When Ali Carter won the German Masters in February it yielded a third world ranking title, the same number as Mark Selby and Judd Trump have each won (though Carter is ten years older than Trump).
Selby and Trump have (so far) each appeared in one world final. Carter has been in two.
It seems to me the Essex man is all too easily underrated. I dare say there will be some who would say he shouldn’t be among my ten contenders for the world title.
Well, he is. And here’s why...
There are some players better suited to the tests of a long tournament than others and I think Carter is one of them. His Crucible record – two finals and a semi-final – back this up.
I’m not going to discuss his illness because that is a private matter but it’s worth remembering that it has had affected him and continues to. It’s a factor which renders form and bare results misleading.
Carter isn’t always the most consistent of players but at the World Championship you don’t necessarily have to be. The matches are so long that the odd bad session is not always going to spell disaster.
For instance, last year he lost the middle session of his second round clash with Judd Trump 6-2 to leave him trailing 9-7. But Carter stood up to the pressure better when it mattered, in the final session, and from 12-9 down won 13-12.
He’s a player who seems to find bursts of inspiration. In 2010, he was 8-4 down to Shaun Murphy in the quarter-finals but played four really good frames to make it 8-8 and won 13-12. A similar four frame spell came when trailing Neil Robertson 8-2 in the semis, although Robertson eventually won this match.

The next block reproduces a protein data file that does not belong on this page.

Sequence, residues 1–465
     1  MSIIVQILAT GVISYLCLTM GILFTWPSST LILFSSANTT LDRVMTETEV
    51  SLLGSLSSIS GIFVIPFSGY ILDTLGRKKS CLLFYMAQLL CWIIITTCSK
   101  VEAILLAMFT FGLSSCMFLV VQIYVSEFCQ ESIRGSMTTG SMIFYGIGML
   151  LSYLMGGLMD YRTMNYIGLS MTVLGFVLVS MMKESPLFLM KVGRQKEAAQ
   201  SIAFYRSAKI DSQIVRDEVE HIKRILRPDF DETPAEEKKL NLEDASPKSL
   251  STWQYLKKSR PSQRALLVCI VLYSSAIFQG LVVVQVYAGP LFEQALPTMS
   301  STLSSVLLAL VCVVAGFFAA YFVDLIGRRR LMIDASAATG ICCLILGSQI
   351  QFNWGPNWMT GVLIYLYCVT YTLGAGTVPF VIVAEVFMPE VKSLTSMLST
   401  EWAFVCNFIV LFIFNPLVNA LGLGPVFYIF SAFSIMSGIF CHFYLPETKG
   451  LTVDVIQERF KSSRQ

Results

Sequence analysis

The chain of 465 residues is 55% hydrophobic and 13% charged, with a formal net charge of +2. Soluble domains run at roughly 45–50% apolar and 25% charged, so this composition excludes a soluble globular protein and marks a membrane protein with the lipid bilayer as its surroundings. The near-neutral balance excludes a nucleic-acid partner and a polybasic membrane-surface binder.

Carter’s big test this year could come in the second round against Ronnie O’Sullivan, his nemesis in two world finals and on plenty of other occasions.
However, this is surely his best chance to beat O’Sullivan on a big occasion. Ronnie has sat out the season. Carter has played solidly. He was a frame from reaching the UK Championship final, he won in Berlin and is match sharp.
If – and it of course remains a huge if – he did beat O’Sullivan then he would have the confidence and momentum to go all the way.
Carter is a combative character as befits someone who has had to fight harder than most. He doesn’t always paint the most cheerful picture of life on tour but is unfailingly honest in his opinions and motivations.
Last year, fuelled by Peter Ebdon’s organic carrot juice, he adopted a patient, safety-first approach for much of the championship, for which he needed and displayed great discipline.
But like all top players in this era, he can also score heavily. He’s made 25 centuries at the Crucible, only two fewer than Robertson.
Carter knows and probably accepts that he won’t be among the first five or six names put forward as likely world champions this year but he has the pedigree to be considered in the next wave of players who could ultimately prevail.
He has a genuine toughness of the sort you need to win a tournament so mentally testing and physically draining.